ITW: Rejuvenated Thiem focused on regaining top form

 - Simon Cambers

Having come through tough moments after injury, the Austrian is motivated and intent on returning to his best.

Dominic Thiem / Monte-Carlo 2023©Corinne Dubreuil / FFT

In Monte-Carlo on Monday, Dominic Thiem won his first Masters 1000 match for almost two years. The Austrian looked back to his normal self, perhaps for the first time since he won his first and to date only Grand Slam title, at the US Open.

Getting to this point has been a long, arduous road. In August 2021, having lost form and motivation after his US Open victory, the then world No 5 suffered a serious right wrist injury while playing on grass in Mallorca. The injury kept him off the Tour for nine months and his comeback since has been anything but straightforward.

At one stage in the summer of 2022, Thiem dropped outside the world’s top 350. Though he showed signs of a return to form later in the year, a poor start to 2023 knocked his confidence again. Working with a sports psychologist for the first time in his career has helped and despite everything, the Austrian has never lost hope that he will get back toward the top again

“There were many, many very tough moments, but somehow, deep inside, there was the feeling that I still have something in me, or at least I want to give it a try,” Thiem said, in an interview for in Monte-Carlo, where he beat Frenchman Richard Gasquet in the opening round. "If I wouldn't have had this feeling deep inside me, probably I would have stopped.”

Dominic Thiem & Richard Gasquet / Monte-Carlo 2023©Corinne Dubreuil / FFT

At the age of 29, Thiem still has time on his side. The Austrian is six years younger than world No 1 Novak Djokovic and seven younger than Rafael Nadal, the man who denied him in his two Roland-Garros finals, in 2018 and 2019. In some ways, the injury could even be considered a blessing in disguise in that it came at a time when Thiem was struggling, feeling strangely empty after achieving a lifetime’s ambition in winning his first slam title.

“Now, recalling it, it was no coincidence that the injury (came when it did),” Thiem said. “Because after the US Open, I had troubles to motivate myself to practice, to travel. And I was doing way less (training) than ever before in my life. And then after the first-round defeat in Roland-Garros (in 2021, to Pablo Andujar), I was starting to work very hard again and maybe the body was somehow not used to it anymore, after so many years of full power and then some months where I didn't give it all. Then exactly the injury came. So probably that's no coincidence. It's tough to say, but when I had troubles to motivate and everything, I saw the injury also as a good chance. I was maybe also a little bit happy to have six, seven weeks off and then to give it another try.”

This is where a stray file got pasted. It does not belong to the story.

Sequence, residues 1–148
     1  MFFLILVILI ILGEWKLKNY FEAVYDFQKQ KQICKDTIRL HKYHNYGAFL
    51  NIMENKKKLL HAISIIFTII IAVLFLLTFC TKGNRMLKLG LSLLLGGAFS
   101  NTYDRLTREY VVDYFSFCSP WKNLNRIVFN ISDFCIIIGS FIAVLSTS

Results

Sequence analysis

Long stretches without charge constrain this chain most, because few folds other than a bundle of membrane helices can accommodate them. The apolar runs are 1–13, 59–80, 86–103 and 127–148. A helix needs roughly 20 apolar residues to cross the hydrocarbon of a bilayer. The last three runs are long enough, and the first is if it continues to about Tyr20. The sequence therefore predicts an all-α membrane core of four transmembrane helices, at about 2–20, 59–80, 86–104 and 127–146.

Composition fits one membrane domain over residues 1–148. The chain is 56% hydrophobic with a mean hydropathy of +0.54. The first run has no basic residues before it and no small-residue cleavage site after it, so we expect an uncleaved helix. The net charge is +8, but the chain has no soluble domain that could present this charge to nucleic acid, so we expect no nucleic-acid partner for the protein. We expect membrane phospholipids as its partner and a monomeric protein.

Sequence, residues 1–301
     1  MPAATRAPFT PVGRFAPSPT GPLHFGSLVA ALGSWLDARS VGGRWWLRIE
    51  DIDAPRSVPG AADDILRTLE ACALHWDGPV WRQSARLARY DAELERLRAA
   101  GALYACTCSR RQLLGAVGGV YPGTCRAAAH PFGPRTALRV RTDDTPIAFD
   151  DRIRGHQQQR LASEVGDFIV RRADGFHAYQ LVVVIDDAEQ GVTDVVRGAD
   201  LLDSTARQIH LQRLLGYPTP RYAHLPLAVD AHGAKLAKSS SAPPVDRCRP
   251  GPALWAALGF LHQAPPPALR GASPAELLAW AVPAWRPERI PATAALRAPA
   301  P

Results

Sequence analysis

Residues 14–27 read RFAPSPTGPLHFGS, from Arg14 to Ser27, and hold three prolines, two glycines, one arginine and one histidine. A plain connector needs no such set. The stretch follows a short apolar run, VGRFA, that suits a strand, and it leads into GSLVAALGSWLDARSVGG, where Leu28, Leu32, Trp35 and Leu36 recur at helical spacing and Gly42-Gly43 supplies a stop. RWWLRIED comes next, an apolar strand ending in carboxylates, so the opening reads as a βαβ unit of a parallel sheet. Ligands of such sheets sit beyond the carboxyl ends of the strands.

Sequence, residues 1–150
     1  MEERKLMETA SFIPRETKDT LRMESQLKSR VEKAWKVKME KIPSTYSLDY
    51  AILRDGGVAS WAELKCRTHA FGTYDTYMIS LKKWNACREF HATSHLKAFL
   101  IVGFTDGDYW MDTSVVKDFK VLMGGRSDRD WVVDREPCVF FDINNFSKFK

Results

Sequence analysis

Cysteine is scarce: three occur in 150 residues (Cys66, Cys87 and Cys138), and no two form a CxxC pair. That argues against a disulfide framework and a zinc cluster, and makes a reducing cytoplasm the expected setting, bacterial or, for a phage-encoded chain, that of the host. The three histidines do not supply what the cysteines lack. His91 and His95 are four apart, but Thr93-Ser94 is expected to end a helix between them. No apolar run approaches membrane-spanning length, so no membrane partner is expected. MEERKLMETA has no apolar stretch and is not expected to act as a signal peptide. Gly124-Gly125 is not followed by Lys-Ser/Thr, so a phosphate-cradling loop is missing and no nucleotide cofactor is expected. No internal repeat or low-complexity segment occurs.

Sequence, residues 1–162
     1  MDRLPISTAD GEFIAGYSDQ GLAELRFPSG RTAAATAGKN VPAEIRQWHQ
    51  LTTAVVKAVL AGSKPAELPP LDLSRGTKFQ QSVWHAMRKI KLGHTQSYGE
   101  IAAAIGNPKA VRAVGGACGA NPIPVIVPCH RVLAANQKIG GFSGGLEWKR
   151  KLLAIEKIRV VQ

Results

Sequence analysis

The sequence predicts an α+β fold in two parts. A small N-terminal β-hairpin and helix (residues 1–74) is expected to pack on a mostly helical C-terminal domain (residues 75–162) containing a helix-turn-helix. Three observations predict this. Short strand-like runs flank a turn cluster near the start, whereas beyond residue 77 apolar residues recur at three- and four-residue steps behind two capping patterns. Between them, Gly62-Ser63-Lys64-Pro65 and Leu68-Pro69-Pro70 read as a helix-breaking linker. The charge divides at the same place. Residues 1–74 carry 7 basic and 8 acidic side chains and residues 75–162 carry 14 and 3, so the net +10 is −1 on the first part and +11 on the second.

Dominic Thiem / 1er tour Roland-Garros 2021©Corinne Dubreuil / FFT

Even in the darkest moments – and there were plenty – he always believed in himself and never lost hope. “I almost did," he said. "On the surface (it looked like) I lost it, I guess. But deep inside me there was always this small fire, this small light. If I wouldn't have had it then, yeah, I would have stopped, probably.”

When Thiem returned to action in Marbella in 2022, there was an understandable fear factor, a concern that the wrist could go at any time. He lost his first seven matches back, including a defeat to Hugo Dellien in the first round at Roland-Garros, the second year in a row he’d gone out at the first stage. Overcoming the fear factor, he said, was far from easy.

That took pretty long,” he said. “I'm without any fear since half a year, I would say, where I can really go full in, all in, in all the situations, no matter the ball or even when it's a similar situation like when the injury happened. I have no problem anymore. But in the end it took probably all year.”

On the eve of Monte-Carlo, Thiem announced that his four-year partnership with coach, Nicolas Massu, had come to an end. As he begins a trial with Benjamin Ebrahimzadeh, Thiem said the split with Massu was a mutual decision. 

“What was very, very good, I felt that it was completely both-sided," he said. "When we had the talk after the match in Estoril (last week), Nico told me that if I wouldn't have looked for the talk, he would have done it the same night. So that was very positive. 

"I think no matter how great a relationship is, how great success is, it's pretty normal in sports to look for something new, to open up a new chapter. And that's what happened now. I'm feeling good. I'm feeling very good about the years with Nico and also I'm very happy about what's coming up.”

Dominic Thiem / Monte-Carlo 2023©Corinne Dubreuil / FFT

Thiem is aiming to hit top form in time for his return to Roland-Garros, where he came so close to winning the title in 2018 and 2019, with only Nadal denying him slam glory. With Nadal and Novak Djokovic chasing a record-setting 23rd Grand Slam title and Carlos Alcaraz threatening to upstage them both.

Watching Alcaraz from the sidelines as he began his comeback, Thiem was as impressed as anyone and for a moment, there might have been a fear that the Tour had left him behind.

“Sometimes I was like, wow, it changed, things changed,” he said. “First when I saw on TV, the new generation and then also now when I came back, when I saw them live, I was like, OK, they all improved a lot. This is normal. I was out for 10 months and they were all working hard every day, they were all playing matches, which is normal. The goal is to get them again, to get to their level.”

Dominic Thiem & Rafael Nadal / Finale Roland-Garros 2019©Nicolas Gouhier / FFT